After a good run of books, I seem to be chucking them to one side lately, untidy, impatient, expensive, loads of sins.
I can't seem to get into Benjamin Black [ aka John Banville - Booker winner] even tho these 2 latest books a have a crime inserted [thus the name disguise] and have been widely praised. I knew I would never read his winning sad story [life is sad enough] but at the mo his thriller has underwhelmed, tho I will give it another go.
I also got [i.e. paid Amazon] The Race by Richard North Patterson, as I had heard it enthusiastically reviewed on radio 5 [3pm Thursdays]. On the whole they do tend to review positively, maybe because the author is usually there, but the phone-in civilian reader is often harder.
The Race is a novel about the American election for POTUS, and was said to be uncannily prescient as the candidate is black. However I have tossed it aside as the author is one of those who describes people and things happening from the outside, rather than .......as they happen, if you see what I mean; an excess of adjectives may be another way of saying it. [Also the way i write I fear].
I picked up my next purchase "Body of Lies" , novel by David Ignatius, also a R5 choice, and another American, maybe that is where I am going wrong. At first it comes across well, he seems to have a deep and informed knowledge of the current situation in Iraq, his CIA character is an unlikely sensitive agent, I was steaming along, nodding my metaphorical head at the insights examined until it came to the blond with blue eyes. Things went down hill rapidly as Mr. Iganatius tackled sex and romance.
When I was young enough to go to Saturday morning pictures the boys used to sit up the front and boo and hiss when Hopalong Cassidy kissed Dale whatsit, some men still feel the same but are convinced by their agents that they can write about the sloppy bits if they try.
As an antidote to current issues I decided to have a go at Lark Rise to Candleford. To tell the truth I was annoyed at wasting money on my 2 hardbacks and wandered round Waterstones picking up 3 for 2, always disastrous as i can never find a decent 3rd one.
However after enjoying all ten episodes of L to C on the gog, I did think I would read the book, as the reading experience is usually even better.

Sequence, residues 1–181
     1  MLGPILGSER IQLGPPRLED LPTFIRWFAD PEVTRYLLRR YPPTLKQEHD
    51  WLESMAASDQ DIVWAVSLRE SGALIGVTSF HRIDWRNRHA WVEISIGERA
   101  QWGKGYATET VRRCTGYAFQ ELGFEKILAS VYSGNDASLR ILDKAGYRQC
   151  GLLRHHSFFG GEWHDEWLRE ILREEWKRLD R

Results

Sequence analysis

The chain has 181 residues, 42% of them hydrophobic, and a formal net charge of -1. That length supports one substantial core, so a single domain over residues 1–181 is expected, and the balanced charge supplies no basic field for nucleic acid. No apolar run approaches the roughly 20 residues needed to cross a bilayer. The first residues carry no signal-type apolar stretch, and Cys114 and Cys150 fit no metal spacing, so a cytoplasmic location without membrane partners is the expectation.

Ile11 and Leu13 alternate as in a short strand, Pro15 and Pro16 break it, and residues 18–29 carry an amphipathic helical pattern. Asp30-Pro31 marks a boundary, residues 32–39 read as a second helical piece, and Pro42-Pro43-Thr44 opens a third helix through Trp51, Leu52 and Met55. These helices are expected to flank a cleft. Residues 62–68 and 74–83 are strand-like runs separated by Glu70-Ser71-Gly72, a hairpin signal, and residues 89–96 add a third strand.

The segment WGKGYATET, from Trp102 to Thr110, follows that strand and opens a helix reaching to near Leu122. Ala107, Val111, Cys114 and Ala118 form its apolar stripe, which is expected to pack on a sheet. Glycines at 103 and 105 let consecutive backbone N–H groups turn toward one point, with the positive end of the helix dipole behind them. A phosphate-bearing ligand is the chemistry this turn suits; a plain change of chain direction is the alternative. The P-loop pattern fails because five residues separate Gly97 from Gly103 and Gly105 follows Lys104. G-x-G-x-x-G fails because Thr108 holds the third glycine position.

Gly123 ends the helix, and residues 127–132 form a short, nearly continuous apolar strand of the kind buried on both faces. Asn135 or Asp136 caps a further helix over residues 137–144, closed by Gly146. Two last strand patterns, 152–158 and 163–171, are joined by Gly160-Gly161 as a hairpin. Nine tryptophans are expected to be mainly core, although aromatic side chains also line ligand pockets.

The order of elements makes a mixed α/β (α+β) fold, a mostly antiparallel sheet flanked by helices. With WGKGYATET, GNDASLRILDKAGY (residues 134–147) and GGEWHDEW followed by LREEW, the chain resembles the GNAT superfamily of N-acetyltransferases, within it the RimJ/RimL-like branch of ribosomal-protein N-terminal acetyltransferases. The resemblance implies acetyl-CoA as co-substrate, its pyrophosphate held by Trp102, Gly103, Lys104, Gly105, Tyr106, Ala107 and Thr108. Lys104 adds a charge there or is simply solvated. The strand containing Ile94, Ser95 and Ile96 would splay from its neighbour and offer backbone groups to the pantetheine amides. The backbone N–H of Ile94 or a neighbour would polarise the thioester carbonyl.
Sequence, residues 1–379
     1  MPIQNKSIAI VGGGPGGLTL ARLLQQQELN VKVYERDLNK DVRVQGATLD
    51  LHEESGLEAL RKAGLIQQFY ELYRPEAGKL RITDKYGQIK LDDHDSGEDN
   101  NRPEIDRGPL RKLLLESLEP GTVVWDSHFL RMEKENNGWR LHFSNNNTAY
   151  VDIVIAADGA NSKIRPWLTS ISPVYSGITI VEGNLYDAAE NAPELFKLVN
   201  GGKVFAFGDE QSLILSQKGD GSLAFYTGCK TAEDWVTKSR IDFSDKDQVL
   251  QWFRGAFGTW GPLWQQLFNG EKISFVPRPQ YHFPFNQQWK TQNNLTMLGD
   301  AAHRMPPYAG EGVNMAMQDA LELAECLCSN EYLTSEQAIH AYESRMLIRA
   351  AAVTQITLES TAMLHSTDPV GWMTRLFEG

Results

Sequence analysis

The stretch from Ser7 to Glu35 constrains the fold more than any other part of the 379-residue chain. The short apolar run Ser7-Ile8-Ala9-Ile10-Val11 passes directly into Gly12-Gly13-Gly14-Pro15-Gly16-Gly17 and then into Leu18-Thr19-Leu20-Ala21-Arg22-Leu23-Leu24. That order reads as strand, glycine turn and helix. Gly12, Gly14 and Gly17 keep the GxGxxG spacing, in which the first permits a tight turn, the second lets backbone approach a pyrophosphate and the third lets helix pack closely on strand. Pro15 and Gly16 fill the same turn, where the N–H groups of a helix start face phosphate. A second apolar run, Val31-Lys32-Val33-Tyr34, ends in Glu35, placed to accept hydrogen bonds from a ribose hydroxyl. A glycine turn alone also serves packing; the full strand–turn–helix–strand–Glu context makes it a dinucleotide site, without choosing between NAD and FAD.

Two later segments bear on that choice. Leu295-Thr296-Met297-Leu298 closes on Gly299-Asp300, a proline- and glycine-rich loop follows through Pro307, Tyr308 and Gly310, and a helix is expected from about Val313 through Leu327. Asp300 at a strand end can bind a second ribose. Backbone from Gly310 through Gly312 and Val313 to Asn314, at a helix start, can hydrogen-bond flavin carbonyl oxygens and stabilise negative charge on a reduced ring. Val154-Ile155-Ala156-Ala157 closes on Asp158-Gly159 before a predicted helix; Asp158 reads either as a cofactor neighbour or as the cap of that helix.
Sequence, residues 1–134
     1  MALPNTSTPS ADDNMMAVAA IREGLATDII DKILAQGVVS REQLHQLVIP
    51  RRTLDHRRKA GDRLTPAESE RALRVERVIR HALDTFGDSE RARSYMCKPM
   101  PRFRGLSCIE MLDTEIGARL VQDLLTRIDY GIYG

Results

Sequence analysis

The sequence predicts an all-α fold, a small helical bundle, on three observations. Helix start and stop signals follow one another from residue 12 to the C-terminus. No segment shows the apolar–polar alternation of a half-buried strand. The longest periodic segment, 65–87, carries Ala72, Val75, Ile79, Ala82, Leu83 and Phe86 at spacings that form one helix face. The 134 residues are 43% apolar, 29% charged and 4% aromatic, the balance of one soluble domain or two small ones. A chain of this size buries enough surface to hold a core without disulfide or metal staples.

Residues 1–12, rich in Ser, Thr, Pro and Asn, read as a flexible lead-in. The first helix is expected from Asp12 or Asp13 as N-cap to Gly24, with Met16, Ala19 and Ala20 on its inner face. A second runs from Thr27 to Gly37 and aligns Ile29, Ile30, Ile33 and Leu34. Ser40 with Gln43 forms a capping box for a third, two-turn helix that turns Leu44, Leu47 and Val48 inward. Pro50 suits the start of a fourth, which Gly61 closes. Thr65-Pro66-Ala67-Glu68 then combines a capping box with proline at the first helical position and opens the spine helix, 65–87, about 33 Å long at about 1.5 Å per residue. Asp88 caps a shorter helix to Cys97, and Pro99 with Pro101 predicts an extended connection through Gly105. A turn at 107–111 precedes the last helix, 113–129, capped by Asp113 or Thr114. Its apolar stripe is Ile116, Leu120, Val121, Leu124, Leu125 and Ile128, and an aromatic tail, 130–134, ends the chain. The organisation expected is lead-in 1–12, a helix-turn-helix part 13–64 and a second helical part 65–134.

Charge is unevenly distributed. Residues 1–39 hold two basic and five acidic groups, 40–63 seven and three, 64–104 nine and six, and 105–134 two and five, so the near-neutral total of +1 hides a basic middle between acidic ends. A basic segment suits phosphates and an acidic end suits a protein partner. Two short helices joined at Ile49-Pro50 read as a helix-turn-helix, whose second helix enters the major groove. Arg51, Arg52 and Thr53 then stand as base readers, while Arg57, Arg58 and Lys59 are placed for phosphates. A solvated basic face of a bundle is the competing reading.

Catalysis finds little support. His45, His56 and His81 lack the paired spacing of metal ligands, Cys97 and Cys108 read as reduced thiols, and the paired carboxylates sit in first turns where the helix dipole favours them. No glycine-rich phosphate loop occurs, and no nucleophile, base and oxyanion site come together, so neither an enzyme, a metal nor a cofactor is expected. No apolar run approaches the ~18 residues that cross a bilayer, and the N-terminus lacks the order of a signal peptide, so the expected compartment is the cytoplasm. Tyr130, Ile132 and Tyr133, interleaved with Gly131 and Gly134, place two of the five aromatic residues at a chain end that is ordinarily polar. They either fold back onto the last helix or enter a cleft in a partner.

Hmmmm. I am up to page 37 - I know how to kill a pig and chop it up, hang the bits and swop them with the neighbours, I have been led to appreciate the joys of growing turnips, but i have yet to be introduced to a Character.
I also "got" that Anne Enright book that won [hurray] The Gathering. At first i really enjoyed it, she is a very poetic writer, but after a while the depressing weight of damp pink flesh [one of her favourite topics] got me down and it has been thrown aside in favour of retaining a sense of humour.
I am not a book snob, I enjoy rubbish, if it carries me along with enthusiasm. The library van comes twice a month [I know there is a crudity in there] and I read both of the latest David Baldaccis, The Camel Club and the Collectors, they zing along, has creaky old persons as it's heroes and only becomes unbelievable when you realise how perfect the American good guys always are [ no friendly fire]. DB is OK, he writes a wildly patriotic plot while cunningly pointing up the flaws of American diplomacy, including water boarding.
Mr Pip also arrived on the library van, [Lloyd Jones], excellent stuff, unusual use of Dickens on New Guinea island, but after three quarters of joy it suddenly turned very nasty and I felt a bit mugged myself.
I heard Sara Peretsky on this week, she has written Bleeding Kansas, not a V I Warsawski which i usually enjoy, tho they can be over researched to my taste, but a "stand alone" as they called it about the reactionary inhabitants of Dorothy's home state. The reviewers praised it, but the phone-in said it was dead boring and he couldn't finish it, so now I am torn.
Lee Child was there too, but I had visitors and could only discern general cooing form the radio in the background. I haven't read any of his, so would be grateful for a steer.
I have the paperback of Donna Leon [in my 3 for 2] Suffer the little children, which i don't think i have read. [Oh the horror and shame of unwittingly buying a book twice.] I enjoy her crimes being set in Venice, although I have only spent a few days there, it is nice to wander the calles with her.
The last of my trio is What was Lost by Catherine Flynn, a Costa [which i should have been saying perhaps] first novel award. It looks like it may be depressing, so I will save Donna till last so she can cheer me up, crime solved - Venice still afloat.